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Pianist Chris Parker is a musical explorer. He has travelled around the world musically and as his latest album Full Circle indicates, he has reached his destination and found an aesthetic where all the different aspects of his musical curiosity come together.
While Parker travels a lot musically, he doesn't visit the melancholy North on this album, even though he is definitely capable of writing reflective ballad-like compositions like "Free" and "First Light."
Instead, the focus on the album is the vibrant rhythms of Latin America, with a strong touch of swing, blues and funk, not least courtesy of bassist Tony Marino, who changes effortlessly between acoustic and electric bass and provides tasty slap bass playing on "Stages" where saxophonist John Nastos also takes it away as a David Sanborn on fire. Another key-player is violinist Robert Thomas Jr. It is relatively rare to find a violinist in a jazz context, but here it really works and Thomas brings out the folk-like elements of the compositions. He swings convincingly, but he also gets down with the blues on "Emmy's Shuffle."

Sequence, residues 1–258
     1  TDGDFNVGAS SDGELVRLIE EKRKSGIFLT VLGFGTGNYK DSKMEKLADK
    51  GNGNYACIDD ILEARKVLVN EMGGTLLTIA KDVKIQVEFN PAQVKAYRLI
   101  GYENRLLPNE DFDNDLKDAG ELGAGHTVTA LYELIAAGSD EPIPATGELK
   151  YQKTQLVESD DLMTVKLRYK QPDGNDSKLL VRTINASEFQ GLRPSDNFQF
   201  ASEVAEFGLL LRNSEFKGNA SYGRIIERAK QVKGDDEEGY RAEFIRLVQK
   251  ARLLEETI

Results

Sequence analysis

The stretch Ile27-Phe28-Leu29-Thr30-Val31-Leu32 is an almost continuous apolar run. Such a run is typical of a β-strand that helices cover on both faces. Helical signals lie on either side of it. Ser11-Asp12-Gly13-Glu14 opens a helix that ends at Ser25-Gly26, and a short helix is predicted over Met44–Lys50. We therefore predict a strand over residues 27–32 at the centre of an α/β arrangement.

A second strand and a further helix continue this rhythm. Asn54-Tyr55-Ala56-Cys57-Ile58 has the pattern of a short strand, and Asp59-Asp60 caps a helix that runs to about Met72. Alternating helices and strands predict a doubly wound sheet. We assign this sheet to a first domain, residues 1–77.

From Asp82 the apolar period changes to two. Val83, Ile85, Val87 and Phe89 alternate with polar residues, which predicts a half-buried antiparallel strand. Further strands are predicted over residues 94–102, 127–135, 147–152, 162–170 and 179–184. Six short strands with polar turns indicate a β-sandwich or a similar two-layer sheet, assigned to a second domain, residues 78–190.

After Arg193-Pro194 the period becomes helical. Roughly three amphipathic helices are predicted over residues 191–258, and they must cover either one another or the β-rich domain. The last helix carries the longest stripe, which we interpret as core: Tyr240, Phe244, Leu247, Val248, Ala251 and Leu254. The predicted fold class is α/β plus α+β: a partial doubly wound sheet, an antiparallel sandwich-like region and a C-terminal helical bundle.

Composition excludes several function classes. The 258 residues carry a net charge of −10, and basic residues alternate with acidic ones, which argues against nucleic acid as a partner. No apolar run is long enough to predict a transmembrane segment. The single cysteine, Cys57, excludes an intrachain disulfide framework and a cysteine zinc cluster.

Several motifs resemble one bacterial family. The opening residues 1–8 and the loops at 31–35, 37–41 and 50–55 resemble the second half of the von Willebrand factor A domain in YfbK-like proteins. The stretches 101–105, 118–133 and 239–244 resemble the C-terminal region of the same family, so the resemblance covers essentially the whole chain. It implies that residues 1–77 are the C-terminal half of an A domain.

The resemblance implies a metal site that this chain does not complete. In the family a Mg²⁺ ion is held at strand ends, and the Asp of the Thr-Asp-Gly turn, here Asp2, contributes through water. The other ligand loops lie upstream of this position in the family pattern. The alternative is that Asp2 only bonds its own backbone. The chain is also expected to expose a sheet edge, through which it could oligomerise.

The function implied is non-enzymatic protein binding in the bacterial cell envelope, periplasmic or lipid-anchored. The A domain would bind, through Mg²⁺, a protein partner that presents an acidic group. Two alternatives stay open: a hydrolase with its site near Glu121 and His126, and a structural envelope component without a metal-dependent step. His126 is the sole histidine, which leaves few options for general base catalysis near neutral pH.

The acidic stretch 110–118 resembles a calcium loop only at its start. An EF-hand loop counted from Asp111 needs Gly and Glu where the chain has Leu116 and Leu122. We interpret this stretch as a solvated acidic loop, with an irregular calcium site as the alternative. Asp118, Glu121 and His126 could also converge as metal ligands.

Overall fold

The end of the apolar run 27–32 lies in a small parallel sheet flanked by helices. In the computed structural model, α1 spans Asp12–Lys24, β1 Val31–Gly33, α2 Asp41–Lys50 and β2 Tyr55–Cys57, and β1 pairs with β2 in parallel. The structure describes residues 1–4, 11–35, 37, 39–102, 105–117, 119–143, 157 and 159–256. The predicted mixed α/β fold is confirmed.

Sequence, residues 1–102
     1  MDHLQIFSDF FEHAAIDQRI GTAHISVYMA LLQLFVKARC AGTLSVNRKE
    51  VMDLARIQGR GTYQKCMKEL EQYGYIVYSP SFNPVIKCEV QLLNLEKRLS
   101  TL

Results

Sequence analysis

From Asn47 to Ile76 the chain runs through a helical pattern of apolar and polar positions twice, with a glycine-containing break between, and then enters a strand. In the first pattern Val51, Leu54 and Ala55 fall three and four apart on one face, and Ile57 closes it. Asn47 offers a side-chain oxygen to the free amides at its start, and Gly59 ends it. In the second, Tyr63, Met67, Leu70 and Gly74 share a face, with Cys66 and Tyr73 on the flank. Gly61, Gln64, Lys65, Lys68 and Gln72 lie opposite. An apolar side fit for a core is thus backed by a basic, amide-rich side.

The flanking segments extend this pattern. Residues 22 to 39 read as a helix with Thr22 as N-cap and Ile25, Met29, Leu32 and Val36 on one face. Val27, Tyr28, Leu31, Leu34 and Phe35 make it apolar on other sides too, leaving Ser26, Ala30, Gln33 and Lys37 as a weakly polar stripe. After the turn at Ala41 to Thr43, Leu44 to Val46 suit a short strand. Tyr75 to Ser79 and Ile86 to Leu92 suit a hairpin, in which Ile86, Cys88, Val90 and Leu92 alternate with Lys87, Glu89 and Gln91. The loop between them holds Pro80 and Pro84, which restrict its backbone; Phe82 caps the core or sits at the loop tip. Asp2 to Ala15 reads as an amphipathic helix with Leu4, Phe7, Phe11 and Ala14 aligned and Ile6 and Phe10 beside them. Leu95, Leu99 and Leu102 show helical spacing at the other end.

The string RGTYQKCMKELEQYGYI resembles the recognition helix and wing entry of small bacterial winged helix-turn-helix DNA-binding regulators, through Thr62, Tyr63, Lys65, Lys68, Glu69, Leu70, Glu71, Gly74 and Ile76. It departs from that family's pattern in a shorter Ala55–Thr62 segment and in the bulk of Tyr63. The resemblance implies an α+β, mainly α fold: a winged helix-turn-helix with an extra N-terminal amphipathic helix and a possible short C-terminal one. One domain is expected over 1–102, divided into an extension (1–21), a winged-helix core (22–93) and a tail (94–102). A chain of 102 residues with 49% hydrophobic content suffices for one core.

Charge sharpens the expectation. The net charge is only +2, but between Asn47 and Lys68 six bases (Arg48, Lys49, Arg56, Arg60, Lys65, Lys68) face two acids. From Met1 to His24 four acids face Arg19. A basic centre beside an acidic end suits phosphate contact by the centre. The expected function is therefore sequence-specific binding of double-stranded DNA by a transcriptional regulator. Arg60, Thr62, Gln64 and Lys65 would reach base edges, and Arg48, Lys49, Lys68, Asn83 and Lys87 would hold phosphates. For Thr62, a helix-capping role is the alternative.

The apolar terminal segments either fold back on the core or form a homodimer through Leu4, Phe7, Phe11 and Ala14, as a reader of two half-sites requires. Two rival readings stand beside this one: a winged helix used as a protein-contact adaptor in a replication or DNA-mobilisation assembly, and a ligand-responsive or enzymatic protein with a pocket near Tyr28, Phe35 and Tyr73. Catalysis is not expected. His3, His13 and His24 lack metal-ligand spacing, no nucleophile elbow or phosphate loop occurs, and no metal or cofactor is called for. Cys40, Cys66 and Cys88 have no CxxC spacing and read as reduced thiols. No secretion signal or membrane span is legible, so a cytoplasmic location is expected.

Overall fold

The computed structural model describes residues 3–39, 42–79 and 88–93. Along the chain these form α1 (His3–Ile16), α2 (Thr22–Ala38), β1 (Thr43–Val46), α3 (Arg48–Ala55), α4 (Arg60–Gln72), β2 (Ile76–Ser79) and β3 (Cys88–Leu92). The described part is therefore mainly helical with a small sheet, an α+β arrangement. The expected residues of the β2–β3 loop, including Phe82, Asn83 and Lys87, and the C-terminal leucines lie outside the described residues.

It' s no surprise that the players in Parker's band are capable of playing multiple genres. His compositions show an encyclopedic knowledge of rhythms ranging from tango to blues, but they never become dry academic exercises. This is music filled with life and rhythm. A true melting pot worth checking out.
Track Listing: Full Circle; Step One; Left At Bingen; Stages; Free; Emmy's Shuffle; The
Ride; First Light; Like I Was Saying; Up Front.
Personnel: Chris Parker: piano; John Nastos: alto and soprano saxophones; Rob
Thomas: violin; Tony Marino: bass; Marko Marcinko: drums.
I love jazz because it's so different than pop and has an emotional pull that other music does not have.
I was first exposed to jazz when I saw Dave Brubeck in 1974.
The first jazz record I bought was Bitches Brew by Miles Davis.